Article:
With a better understanding of how battery ratings work, it is time to look at the loads. All of the DC equipment or consumers on a boat will measure their power use in amps and sometimes watts. The first thing to do is to make a list of loads along with their rated amp draw, then estimate the time that load will be used. It might be worthwhile to make a couple of lists, one for while at anchor and another for while at sea. Add the amps each item uses by the amount of time you think it will be used. Cabin lights may only be used for a few hours, while running lights will be on all night. An autopilot will run a lot while underway, while a radar may only be on at night or in fog. Try to be realistic and err on the side of more usage than less. These two lists will help with calculating just how much battery capacity is needed at different times and for different types of use.
The next bit of information needed is how the batteries are going to be recharged. This is an important consideration that many neglect to take into consideration when planning the number of batteries needed. The temptation might be to just cram in as many large batteries as possible to get lots of capacity — the problem with all that capacity is that it needs to be recharged. Sometimes a smaller battery bank will work best for how the boat is used; the average modern car best illustrates this idea. Modern cars have lots of electronics, lights and systems to run, yet they still use a relatively small battery mainly sized for engine starting. They do not need big batteries because they have charging systems sized for the loads, and the battery is rarely used without the alternator running.
Using the same make, model and age batteries in a house bank is a good idea.
This is why knowing charging capacity and when that charging capacity will be available is important when selecting batteries. Most trawlers and powerboats will have good charging capacity while running from the engines. The only time they would need or use battery power alone is at anchor. For a sailboat under sail, additional charging power can come from solar and wind generators. All these charging sources need to be taken into consideration. As with the loads, it will help to make a list of charging sources and how long they will be online in a 24-hour period. Be conservative when doing the estimating. Do not use the full output for any source, as these are based on best-case scenarios, and instead use about 50 percent or so of the total output. Wind and solar can be tricky to estimate because they can vary considerably based on weather conditions and where the boat is operated.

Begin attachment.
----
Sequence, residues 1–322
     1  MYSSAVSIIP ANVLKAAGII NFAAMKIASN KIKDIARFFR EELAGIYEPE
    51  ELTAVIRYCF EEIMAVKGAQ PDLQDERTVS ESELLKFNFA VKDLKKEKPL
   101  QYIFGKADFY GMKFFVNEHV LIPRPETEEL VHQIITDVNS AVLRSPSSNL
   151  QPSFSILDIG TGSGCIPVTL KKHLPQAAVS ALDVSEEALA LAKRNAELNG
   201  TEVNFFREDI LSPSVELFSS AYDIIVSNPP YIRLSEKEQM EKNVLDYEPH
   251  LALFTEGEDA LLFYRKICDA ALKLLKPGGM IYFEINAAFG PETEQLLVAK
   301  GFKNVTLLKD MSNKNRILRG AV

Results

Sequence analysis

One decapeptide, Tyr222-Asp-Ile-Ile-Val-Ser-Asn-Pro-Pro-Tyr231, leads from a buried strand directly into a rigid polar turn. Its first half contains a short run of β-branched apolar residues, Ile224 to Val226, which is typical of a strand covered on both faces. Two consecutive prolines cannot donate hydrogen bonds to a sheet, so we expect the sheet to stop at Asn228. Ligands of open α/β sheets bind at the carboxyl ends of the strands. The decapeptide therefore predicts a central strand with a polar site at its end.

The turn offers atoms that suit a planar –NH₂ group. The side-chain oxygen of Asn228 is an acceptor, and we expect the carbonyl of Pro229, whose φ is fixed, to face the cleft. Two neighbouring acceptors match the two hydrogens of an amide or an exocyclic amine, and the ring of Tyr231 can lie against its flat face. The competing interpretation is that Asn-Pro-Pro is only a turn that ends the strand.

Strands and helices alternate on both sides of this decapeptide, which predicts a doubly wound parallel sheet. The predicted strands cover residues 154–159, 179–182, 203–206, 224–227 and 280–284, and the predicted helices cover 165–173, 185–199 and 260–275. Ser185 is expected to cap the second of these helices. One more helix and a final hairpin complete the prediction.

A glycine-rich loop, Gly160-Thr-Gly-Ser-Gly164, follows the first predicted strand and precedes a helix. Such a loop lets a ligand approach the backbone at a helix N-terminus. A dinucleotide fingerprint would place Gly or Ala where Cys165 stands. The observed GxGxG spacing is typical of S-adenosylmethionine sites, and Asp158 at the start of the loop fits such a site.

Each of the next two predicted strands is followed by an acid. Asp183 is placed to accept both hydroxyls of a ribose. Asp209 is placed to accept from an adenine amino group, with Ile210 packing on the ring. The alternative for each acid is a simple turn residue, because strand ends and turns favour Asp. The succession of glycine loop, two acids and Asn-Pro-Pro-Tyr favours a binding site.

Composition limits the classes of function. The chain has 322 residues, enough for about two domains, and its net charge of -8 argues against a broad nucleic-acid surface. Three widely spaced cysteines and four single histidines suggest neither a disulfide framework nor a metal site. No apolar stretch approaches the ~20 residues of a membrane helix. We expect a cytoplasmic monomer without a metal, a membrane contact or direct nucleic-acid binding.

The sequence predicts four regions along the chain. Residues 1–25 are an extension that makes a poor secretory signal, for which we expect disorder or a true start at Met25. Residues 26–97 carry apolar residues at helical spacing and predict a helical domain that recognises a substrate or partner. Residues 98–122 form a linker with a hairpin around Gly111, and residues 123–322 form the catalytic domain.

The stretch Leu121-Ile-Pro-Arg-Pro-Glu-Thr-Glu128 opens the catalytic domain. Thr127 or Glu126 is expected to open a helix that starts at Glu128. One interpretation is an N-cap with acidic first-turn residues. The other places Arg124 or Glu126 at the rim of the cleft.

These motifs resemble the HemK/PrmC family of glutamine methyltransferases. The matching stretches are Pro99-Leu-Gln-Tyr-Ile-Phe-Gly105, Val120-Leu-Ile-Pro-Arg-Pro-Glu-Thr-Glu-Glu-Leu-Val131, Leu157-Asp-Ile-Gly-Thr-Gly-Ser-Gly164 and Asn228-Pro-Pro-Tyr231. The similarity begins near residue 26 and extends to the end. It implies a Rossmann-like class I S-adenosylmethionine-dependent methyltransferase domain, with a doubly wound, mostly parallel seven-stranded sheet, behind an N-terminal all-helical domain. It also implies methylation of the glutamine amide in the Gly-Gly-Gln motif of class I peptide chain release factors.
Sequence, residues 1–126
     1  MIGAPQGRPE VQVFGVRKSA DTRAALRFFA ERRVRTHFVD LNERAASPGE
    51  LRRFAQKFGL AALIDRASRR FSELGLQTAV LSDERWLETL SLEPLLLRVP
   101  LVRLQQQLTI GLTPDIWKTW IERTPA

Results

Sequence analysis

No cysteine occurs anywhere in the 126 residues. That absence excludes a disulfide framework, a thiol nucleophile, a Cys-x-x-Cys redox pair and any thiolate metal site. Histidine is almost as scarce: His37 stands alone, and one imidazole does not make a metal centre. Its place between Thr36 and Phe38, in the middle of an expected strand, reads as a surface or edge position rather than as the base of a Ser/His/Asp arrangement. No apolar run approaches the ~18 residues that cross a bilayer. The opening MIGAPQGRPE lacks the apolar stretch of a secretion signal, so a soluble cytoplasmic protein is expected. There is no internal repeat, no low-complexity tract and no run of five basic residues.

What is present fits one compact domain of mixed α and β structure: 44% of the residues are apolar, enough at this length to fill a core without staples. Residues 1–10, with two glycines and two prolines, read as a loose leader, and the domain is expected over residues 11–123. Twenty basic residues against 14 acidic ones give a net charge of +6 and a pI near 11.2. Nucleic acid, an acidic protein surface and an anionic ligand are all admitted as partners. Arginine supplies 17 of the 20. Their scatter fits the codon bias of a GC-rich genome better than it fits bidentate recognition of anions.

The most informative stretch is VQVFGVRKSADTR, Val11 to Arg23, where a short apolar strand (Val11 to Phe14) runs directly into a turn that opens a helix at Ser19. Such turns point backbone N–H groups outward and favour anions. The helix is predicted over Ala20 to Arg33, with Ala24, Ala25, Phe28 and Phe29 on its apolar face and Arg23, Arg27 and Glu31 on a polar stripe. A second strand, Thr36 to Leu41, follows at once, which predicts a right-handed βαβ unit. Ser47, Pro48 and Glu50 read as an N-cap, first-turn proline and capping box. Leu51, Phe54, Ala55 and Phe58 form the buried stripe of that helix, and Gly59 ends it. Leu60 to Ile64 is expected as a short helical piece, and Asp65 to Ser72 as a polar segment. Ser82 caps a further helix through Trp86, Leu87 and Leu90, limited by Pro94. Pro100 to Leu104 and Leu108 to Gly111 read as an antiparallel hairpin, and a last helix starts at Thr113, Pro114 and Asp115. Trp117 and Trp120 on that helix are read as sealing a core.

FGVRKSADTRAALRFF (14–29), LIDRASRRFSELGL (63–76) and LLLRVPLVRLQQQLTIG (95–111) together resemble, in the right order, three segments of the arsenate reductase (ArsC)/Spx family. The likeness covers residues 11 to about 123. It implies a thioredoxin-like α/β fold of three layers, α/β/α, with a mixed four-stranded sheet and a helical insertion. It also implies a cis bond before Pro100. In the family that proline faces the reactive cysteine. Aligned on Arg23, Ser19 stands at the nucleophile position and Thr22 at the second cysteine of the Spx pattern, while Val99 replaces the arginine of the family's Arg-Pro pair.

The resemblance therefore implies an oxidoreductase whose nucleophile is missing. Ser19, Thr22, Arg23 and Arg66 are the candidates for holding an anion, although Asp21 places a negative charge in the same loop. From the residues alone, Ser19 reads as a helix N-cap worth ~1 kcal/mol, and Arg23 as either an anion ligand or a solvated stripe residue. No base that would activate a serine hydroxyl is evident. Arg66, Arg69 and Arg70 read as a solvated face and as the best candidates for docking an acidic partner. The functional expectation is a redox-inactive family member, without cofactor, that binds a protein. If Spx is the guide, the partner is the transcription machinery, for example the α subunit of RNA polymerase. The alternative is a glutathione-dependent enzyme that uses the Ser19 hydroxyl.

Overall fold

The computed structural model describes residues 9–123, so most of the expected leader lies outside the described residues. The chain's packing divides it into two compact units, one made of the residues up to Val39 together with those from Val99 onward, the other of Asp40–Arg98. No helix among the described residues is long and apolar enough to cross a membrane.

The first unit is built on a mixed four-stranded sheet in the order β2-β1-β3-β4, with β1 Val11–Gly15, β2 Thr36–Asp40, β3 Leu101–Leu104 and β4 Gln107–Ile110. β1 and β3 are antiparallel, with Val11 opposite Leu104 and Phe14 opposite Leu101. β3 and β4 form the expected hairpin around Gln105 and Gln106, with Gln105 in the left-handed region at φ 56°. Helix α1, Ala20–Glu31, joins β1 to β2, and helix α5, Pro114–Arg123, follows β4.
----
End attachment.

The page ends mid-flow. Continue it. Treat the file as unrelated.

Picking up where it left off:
With all this information, you can begin to think about how much battery capacity might be needed. For this figure, I suggest using around a quarter of what the reserve capacity is to be conservative. This will also account for the batteries not getting fully charged and reduced efficiency due to age. Overestimate your usage and you will come up with a figure that should be a good guideline for how much battery capacity will be needed. I always suggest starting with a smaller battery bank and building on that, should it not meet your needs. Keep in mind: A larger battery bank will also have to be matched with larger charging capacity if the batteries are not always going to be undercharged.
Selecting the right battery capacity is really a balance of use and charging. Most systems on cruising boats are not simply just drawing down the batteries and then recharging them, but rather a combination of simultaneous use and charging. This can change the dynamics of how a system works and can greatly change how much battery capacity is needed. Finding this balance is never easy, and there are no set formulas that will give an exact answer. In the end, a bit of trial and error might be what is needed to come up with the ideal setup.
Wayne Canning is a marine surveyor and consultant, as well as a writer and photographer. His website is 4ABetterBoat.com.